Without a doubt, the highlight of Paducah is the National Quilt Museum. The massive wall murals along the river depicting Paducah’s history are quite a sight as well; however, the quilts are, in one word, amazing. More on that in just a moment…
Back to the murals, I didn’t photograph them this time, because I had done so during a previous visit. If you are curious to see them, check out my 2017 blog post about Paducah that includes photos of the beautiful wall murals.
In that post on Paducah, you will notice something missing: Photos of the quilts at the National Quilt Museum. At the time, no photography of any kind was permitted, even without flash. I was so disappointed, because the artistry in the exhibited quilts was unbelievable.
I was happy to learn that photography (without flash) would be permitted this time. I went crazy with my camera! Although most of the photos can be viewed in the “American Duchess River Cruise, July 2019” album on my photo sharing site, I tried to limit my selection for this post.
As you can see below, these aren’t your grandmother’s old-fashioned Colonial-era quilts that keep you warm at night. These are works of art. They are so incredible, that even the men from the riverboat who were dragged to the museum by their wives were saying, “Wow!” over and over again, as they viewed one phenomenal quilt after another. Seriously. Bruce loves this museum as much as I do!
A warning as you view these pictures: They don’t do these quilts justice. At all. There is so much detail that couldn’t possibly be picked up by any camera to match what we saw in person. These are just small pictures on a computer screen. You really have to see the real thing. If you ever have an opportunity to visit Kentucky, you must go to Paducah and see all of the exhibits at this wonderful museum. Send me a message after your visit, too.
This “quilt” is actually carved from basswood! It is on display in the conference room at the National Quilt Museum. It was created by Fraser Smith, and measures 65″ x 42″ x 4″.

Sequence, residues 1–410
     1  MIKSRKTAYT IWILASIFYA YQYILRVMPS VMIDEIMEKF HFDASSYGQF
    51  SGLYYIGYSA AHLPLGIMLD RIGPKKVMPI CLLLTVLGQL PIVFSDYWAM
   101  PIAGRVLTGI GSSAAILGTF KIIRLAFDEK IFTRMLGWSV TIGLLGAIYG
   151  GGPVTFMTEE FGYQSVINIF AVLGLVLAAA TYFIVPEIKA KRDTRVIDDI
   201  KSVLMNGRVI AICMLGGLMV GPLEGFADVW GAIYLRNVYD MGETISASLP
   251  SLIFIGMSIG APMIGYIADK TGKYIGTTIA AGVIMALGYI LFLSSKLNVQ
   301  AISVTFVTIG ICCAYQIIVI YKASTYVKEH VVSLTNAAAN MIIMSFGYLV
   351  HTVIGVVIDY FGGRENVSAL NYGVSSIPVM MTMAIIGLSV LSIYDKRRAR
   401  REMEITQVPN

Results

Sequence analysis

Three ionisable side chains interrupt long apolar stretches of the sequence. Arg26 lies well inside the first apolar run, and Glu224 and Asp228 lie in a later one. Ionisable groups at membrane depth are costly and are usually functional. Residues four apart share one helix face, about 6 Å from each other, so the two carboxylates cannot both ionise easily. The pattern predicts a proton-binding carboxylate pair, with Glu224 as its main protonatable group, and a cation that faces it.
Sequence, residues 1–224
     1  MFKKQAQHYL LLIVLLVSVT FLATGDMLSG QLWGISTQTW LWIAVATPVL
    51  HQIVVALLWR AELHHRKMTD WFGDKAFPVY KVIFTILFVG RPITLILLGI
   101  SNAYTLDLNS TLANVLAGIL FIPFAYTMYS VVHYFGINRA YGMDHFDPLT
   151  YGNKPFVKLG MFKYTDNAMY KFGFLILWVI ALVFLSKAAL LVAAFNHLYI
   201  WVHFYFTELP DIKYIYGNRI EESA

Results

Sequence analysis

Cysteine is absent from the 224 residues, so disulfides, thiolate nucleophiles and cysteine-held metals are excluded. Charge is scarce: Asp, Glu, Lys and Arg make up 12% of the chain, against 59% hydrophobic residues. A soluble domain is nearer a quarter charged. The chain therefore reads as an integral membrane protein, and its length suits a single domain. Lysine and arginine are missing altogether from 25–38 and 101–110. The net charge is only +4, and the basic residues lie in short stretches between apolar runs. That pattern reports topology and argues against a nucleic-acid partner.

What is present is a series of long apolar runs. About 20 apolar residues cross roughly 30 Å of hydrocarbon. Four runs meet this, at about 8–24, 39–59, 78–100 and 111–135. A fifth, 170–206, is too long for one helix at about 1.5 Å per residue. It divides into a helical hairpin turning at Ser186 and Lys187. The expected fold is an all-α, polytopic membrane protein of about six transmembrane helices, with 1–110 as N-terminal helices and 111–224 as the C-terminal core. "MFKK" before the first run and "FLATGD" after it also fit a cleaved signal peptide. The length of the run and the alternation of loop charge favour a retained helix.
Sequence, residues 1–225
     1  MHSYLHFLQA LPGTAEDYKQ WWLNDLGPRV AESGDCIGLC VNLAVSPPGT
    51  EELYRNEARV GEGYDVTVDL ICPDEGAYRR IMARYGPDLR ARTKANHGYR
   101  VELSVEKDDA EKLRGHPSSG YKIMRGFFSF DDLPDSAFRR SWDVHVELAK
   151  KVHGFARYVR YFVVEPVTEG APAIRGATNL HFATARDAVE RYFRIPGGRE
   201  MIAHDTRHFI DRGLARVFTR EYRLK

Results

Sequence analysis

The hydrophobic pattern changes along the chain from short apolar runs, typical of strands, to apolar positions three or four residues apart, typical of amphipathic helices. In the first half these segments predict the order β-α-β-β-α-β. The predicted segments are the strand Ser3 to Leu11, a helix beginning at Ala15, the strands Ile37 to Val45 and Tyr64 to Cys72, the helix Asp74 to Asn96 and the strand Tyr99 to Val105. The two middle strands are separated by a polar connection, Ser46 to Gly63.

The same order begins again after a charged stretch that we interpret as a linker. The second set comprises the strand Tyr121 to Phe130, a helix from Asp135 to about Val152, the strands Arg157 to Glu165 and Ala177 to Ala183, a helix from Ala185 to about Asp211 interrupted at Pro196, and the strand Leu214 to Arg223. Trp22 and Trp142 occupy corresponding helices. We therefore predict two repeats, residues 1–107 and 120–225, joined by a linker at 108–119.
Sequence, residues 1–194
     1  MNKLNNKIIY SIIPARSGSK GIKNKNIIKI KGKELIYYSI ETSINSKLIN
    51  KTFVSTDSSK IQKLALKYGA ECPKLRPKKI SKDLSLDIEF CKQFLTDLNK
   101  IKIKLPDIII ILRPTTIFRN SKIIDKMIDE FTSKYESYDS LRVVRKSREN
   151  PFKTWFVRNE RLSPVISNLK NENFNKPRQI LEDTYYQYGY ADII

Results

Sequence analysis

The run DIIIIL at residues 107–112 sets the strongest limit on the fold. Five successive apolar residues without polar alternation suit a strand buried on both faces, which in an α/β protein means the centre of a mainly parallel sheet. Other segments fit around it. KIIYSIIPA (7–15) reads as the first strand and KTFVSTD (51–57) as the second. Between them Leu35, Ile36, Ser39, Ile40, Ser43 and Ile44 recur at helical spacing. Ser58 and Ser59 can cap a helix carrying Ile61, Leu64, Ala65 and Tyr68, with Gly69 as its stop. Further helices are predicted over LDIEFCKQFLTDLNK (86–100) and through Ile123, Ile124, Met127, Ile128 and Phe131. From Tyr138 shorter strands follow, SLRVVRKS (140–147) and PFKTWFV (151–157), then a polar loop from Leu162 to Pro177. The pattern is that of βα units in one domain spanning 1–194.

One of my favorite exhibits at the museum was of miniature quilts, measuring no more than 24″ on one side. The quilts in this glass case were the smallest on exhibit, measuring just a few inches long.
Look closely at the work that went into sewing each of the flowers. What patience!
The artist’s statement of this piece: “I decided making a small quilt (14-3/4″ x 21-1/4″) would be a fun, relaxing respite from my current large quilt. How long could it possibly take? I figured a few hours work for a couple of weeks. Little did I know that this fun project would take two months of working seven days week for fourteen hours a day. It was a great accomplishment to complete this quilt, but believe me it was pure joy to get back to my usual large quilts.” ~ Shirley P. Kelly, 2006
I first saw this quilt at the museum in 2017 during our “Mighty Mississippi” cruise. It was so disappointing at the time that photography was not permitted. This time, photos were allowed without flash, so I was thrilled to be able to photograph this amazing quilt.
This is a close-up of the previous picture. So much detail!
This quilt was HUGE!
“Corona II: Solar Eclipse,” by Caryl Bryer Fallert-Gentry, measures 76″ x 94″ and is made from hand-dyed fabrics. It is machine pieced and machine quilted. It was named one of the 100 Best Quilts of the 20th Century.
“Breeze is the third quilt in my ‘Simply Sensational’ series using architectural settings to highlight each of the five senses. Touch is the only sense that involves the whole body. For this reason, I chose a rush of wind through and open window to completely surround the dog with the awareness of this sense.” ~ Rachel Wetzler
This was one of my favorites! “Port of Cassis,” by Lenore Crawford, measures 52″ x 48″. It was created from a photo that she took in the south of France at dusk.
This quilt as well as the following quilts (some are close-ups of the same quilt) were created by Danny Amazonas who started out as a professional floral designer in New York City in the 1970’s. I was mesmerized by how these quilts looked like photographs when viewed from a distance.
This was a huge mural that was several feet long and stretched across a wall.
A close-up of a fish from the previous photo.
Another close-up shows the pretty fabrics Danny Amazonas used to create his fish.